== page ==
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Parenting With Consequences Not With Punishment

posted by DNA Identifiers @ 4:08 PM
Wednesday, September 15, 2010

By Anne Wolski

Parenting can be a particularly daunting task. Parents are constantly being told that hitting a child is not appropriate and that punishment is not an effective parenting tool. However, punishment and consequences are not necessarily the same and can definitely a positive way of disciplining your children. A proper form of discipline teaches the child to become a responsible adult with self-discipline and consideration for other people.

Consequences, encourage good behaviour and help to keep the lines of communication open between parent and child. It is not enough to use negative consequences alone in teaching children to behave appropriately.  This only teaches them what not to do and does not teaching them more appropriate behaviours. Parents also need to use positive consequences for good behaviour.  Consequences need to be used alongside being open and honest with your children as to what you expect of them.

When you focus on your child’s good behaviours and praise your child for these behaviours, the bad behaviours generally decrease and negative consequences aren’t needed as frequently. Remember that consequences are only there to reinforce boundaries and rules when verbal reminders haven’t worked.

It is important to think carefully about the type of negative consequences used for bad behaviour as overuse or inconsistency can render them ineffective and even useless.

There are three types of consequences, natural consequences, logical consequences, and loss of privileges. Each of these can be used as required, depending on the behaviours displayed by the child.

Natural consequences can teach your child lessons without your intervention. These can be either good or bad. An appropriate natural consequence may be when a child refuses to eat a meal, later they will feel hungry and will learn quickly that refusing to eat is not appropriate and leads to personal discomfort as long as they aren’t given food when they express hunger.

In a bad sense however, the consequence of behaviour may lead to injury in which case it is important for the parent to intervene in order to protect the child. Unfortunately, natural consequences can reward bad behaviour. For instance, a bully is rewarded when the victim gives in to demands unless a parent intervenes.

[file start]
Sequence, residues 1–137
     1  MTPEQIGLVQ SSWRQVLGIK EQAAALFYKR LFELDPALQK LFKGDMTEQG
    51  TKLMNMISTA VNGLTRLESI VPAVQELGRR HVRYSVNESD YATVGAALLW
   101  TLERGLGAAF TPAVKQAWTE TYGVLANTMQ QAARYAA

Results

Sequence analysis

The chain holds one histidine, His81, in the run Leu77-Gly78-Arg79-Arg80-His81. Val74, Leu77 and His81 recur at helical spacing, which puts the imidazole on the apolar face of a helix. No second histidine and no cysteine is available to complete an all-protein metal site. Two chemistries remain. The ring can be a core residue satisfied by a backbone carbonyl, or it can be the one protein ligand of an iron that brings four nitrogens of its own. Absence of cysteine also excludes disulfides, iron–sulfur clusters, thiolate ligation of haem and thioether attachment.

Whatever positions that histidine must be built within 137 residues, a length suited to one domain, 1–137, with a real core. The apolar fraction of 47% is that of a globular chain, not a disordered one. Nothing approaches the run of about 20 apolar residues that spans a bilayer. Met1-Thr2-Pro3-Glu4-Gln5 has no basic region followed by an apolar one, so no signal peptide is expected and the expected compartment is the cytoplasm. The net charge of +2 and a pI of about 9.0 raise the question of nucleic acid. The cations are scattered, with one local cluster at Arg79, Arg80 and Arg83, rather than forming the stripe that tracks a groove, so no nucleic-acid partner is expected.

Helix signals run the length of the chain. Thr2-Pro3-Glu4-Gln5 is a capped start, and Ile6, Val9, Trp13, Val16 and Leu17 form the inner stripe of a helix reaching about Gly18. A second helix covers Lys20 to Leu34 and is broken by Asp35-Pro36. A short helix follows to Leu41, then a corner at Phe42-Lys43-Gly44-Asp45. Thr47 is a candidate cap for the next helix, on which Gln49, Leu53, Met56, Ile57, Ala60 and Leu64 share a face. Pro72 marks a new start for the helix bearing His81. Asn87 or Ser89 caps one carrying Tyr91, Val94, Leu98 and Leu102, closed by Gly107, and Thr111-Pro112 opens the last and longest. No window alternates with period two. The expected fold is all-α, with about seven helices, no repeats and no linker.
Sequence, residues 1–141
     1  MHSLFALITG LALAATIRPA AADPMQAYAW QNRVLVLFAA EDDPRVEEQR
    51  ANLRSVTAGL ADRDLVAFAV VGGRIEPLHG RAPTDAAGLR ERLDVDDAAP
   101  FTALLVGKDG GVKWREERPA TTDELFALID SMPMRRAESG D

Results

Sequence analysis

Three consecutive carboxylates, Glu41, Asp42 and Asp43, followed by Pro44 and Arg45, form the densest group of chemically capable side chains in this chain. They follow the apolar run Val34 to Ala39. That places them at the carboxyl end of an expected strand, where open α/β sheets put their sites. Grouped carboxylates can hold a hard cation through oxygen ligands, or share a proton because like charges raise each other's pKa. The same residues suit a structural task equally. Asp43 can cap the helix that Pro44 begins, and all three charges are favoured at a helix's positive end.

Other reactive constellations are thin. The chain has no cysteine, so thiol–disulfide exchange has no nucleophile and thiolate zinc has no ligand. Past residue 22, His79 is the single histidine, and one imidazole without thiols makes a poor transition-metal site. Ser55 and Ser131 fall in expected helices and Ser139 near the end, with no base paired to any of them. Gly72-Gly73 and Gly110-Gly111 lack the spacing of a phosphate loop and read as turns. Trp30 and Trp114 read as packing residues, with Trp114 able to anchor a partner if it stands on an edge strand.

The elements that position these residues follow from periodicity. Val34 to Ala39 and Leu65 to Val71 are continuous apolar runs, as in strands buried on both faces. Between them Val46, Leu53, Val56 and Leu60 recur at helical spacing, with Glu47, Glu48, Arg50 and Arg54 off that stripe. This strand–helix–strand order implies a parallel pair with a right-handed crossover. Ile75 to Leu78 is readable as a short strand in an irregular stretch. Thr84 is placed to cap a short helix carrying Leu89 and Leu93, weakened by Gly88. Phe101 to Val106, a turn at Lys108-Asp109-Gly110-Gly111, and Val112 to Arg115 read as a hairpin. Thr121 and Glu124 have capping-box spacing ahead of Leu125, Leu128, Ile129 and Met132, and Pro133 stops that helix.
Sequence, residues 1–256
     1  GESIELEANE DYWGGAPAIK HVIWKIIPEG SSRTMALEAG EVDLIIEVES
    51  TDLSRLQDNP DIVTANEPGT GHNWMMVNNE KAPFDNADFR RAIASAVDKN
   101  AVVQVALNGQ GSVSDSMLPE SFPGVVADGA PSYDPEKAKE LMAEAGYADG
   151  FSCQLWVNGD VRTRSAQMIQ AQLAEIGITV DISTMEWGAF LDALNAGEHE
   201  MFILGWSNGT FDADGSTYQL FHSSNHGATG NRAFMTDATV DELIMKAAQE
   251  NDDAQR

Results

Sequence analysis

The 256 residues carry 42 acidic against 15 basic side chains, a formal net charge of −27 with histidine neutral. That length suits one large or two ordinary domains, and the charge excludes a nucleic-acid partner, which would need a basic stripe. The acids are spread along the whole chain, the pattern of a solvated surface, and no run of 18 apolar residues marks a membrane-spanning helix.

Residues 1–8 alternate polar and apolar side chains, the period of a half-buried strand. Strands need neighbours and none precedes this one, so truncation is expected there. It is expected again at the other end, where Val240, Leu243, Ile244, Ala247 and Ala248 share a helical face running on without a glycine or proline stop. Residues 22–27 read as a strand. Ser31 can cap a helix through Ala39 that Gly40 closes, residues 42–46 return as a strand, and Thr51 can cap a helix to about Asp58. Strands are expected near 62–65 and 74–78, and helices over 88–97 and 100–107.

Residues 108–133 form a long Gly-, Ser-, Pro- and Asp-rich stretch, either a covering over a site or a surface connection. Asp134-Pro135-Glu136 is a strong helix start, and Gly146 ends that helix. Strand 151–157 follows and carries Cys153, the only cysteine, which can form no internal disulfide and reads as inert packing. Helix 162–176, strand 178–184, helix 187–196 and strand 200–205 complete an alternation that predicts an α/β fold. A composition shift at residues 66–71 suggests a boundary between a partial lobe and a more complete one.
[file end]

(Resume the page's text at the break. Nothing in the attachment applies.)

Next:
A logical consequence is one that is in relation to the behaviour displayed. An example of this would be where the child throws food or drink on the wall or floor in temper. When the temper is done, the child would then be expected to clean up the mess that they had made. This form of consequence gets the child to think about what they did and the consequence of their actions. These consequences are fairer as they are relevant to the particular behaviour.

Loss of privilege may be used as a negative consequence for some behaviours such as swearing and aggressive behaviour and may range from losing the privilege of watching a television program to not being taken on an outing.

The use of time-out is is a loss of privilege consequence that is appropriate when the child is being particularly difficult or where both parent and child are feeling angry and need a short break to calm down.  You and your child need to use this time to calm down in order to address the situation more appropriately.

Although negative consequences are important tools parents, it is also important to be aware that encouragement for good behaviour will lessen the need for consequences. Your children need to understand exactly what is expected of them. Obviously, if the child then ignores rules and subsequent reminders, then negative consequences need to be applied. These need to be consistent and must apply to all children in the family regardless of age and gender. Otherwise, your children will see it as favouritism toward other children and this may lead to a diminished sense of self worth as well as continued bad behavior.

When using consequences it is important to keep a few things in mind:

Keep the consequence short in order to give the child a chance to try again. Don’t take the toy away for hours…take it away for fifteen minutes or so. The consequence does not have to be long or harsh for it to work.

It is important to implement the consequence calmly and without getting personal or upset. Refer to the bad behaviour not to the bad child. Staying neutral and in control lets the child learn from the situation rather than worrying about how angry the parent is with them.

All children display negative behaviours at times. How you deal with these behaviours as a parent can make all the difference in maintaining a close bond with your children. Don’t confuse negative consequences with punishment and use the negative consequences in a constructive manner. Happy Parenting!!!

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